It was 1943 when New Yorkers threw the very first fashion week. London and its chic European neighbours, Paris and Milan, caught on between the late 50s and early 80s, and the Big Four has been ever since – showing during biannual fashion months.

This exclusive circuit has since inspired smaller fashion weeks across the globe, including Berlin, Sydney and Madrid, with each sharing the commonality of Mercedes-Benz sponsorship. Ukrainian Fashion Week, which debuted in 1997 as Eastern Europe’s first fashion week, is also under this umbrella, as are its neighbours Russia, Georgia and Serbia. 

I had the opportunity to discover Ukraine’s 22nd iteration from its capital Kyiv over a weekend in the summer of 2019 – nabbing a first look at Spring/Summer 2020 collections from local designers. But before a virtual invitation landed in my inbox, I was among the uninitiated. I was yet to learn that Kyiv hosts a biannual fashion week on a similar scale to London and I certainly wasn’t clued-up with the talent. 

Ksenia Marchenko on Ksenia Schnaider's aesthetic. 

A few Ukrainian designers sounded familiar, including Anton Belinsky, Paskal and Ksenia Schnaider, who have generated interest in the post-Soviet state’s fashion scene with their deconstructed collections that come loaded with social critique and art references. Their works had crept into my consciousness through Instagram’s algorithm – though it wasn’t all that helpful considering all three were showing in Paris instead of Kyiv. 

Anton Belinsky, who was nominated for LVMH prize in 2015, first showed on the official Paris Fashion Week schedule in AW17 alongside architecture graduate Julie Paskal of Paskal, who you’ll find stocked at Dover Street Market. Meanwhile, Ksenia Schnaider, by designer Ksenia Marchenko and Russian graphic designer Anton Schnaider, is set to show its Spring/Summer 2020 collection on Gallic shores. “I love my home town, but it’s too small for me and my ambitions. We’re now an international brand so it’s important for us to show there,” Ksenia explained to me.


The main event
The majority of shows took place at Ukraine’s flagship cultural institution Mystetskyi Arsenal (similiar to what 180 The Strand is to London), while a handful of designers opted to pop-up around the city. Lake Studio, who have been showing on the schedule since 2014, chose a renowned cultural hub that looked over the Dnieper River. The models favoured heavy eyes and sleek ‘dos, while the collection featured ankle-grazing metallic and sheer, voluminous dresses – complete with comfort-first sandals. It was designed with the cosmopolitan woman in mind.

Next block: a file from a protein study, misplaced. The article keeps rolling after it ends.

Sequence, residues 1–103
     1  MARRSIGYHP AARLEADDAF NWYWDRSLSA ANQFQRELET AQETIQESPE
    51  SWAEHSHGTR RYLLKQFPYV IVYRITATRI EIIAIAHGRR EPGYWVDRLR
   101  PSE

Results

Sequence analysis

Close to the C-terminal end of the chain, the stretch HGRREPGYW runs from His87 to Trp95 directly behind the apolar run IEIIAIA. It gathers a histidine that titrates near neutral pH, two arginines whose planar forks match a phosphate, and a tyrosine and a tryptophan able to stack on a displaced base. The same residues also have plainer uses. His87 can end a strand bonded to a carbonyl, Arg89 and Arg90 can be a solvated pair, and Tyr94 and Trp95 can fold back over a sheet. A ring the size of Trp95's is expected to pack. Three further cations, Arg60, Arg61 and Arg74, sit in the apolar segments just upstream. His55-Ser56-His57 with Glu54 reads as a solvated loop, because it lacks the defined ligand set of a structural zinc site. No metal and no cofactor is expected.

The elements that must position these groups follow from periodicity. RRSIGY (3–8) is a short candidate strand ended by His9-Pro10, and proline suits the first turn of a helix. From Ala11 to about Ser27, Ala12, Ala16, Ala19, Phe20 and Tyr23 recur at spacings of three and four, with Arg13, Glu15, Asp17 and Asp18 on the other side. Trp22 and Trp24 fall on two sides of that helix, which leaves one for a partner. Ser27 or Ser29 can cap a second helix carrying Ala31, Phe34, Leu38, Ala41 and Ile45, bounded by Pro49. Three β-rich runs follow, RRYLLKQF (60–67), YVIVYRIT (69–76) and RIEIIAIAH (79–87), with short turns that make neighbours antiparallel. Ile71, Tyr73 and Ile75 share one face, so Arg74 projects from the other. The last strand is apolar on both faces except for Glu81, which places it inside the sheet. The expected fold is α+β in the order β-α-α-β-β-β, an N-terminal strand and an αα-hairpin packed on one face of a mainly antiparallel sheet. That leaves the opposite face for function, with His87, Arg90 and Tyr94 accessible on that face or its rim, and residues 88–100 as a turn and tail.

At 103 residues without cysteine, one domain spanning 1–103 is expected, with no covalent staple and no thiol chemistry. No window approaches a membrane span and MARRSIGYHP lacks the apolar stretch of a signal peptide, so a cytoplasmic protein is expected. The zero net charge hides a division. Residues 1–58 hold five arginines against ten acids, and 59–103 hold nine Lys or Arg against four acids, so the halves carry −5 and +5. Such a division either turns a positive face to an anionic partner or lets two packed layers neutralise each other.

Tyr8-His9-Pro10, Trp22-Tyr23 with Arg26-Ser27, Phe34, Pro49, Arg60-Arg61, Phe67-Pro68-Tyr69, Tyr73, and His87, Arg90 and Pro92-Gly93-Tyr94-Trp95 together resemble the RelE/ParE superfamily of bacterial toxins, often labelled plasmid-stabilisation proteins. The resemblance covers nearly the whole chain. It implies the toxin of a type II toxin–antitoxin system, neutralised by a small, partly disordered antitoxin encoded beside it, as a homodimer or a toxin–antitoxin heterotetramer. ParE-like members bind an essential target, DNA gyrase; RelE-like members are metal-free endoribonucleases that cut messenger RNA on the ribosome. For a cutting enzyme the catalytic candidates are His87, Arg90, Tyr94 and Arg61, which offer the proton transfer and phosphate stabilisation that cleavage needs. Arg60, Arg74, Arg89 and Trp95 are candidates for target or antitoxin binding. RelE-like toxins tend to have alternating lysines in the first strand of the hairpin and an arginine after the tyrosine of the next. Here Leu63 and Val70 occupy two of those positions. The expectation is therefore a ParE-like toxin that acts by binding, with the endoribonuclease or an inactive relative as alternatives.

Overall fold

Things were a little different for Jean Gritsfeldt; a little off-kilter perhaps. The designer, who joined the schedule in 2012, led us out of the city and into a stable at the up-market Equides Club for his equestrian-themed collection, Centaurs’ Racing. I enjoyed 15 minutes of dressage from a front-row seat with fellow international press, while backstage models slipped into jockey skull caps, deconstructed jumpers, tailored trousers and blazers, denim dresses and full silk looks. Medieval mythology and Ascot served as the collection’s abstract inspiration – artificial manes and rope motifs supposedly nodded to this – while trending futuristic shades were thrown in for the hell of it.

Lake Studio.

Back on the catwalks at Mystetskyi Arsenal, Poustovit, Theo and A.M.G were a few of the designers that impressed. Liliya Poustovit – a Kyiv fashion scene stalwart since its inception – whisked us away to the South of France with her bright, billowing dresses. She found inspiration in the iconic La Colombe d’Or hotel, in the village of Saint-Paul-De-Vence, where artists like Picasso and Matisse used to holiday.

Jean Gritsfeldt.

It was a world away from summers in the South of France for Theo, who designed with city-slick businesswomen in mind. The designer experimented with proportions, putting Grace Jones to shame with exaggerated 80s-style power shoulders. A similar empowering theme also persevered at A.M.G. by Aliona Bettyar. She channeled it through tailored looks, including a beige two-piece leather suit and 70s-esque lime shirt combo that wouldn’t look out of place on a New York runway. I was taken back by how many collections did indeed have international appeal on my whistle-stop tour. 


I crammed in as much fashion as my two-day long schedule allowed, and got a good flavour for Ukraine’s fashion scene: experimental and underrated are my parting thoughts. I missed out on sustainability discussions over the event’s subsequent days – but knowing a conscious approach is front of mind shows that perhaps it’s not as far behind the Big Four as we think. Who knows, maybe London designers will pinch cues from Kyiv and opt for Ascot Racehorse over Brewer Street Car Park next season.

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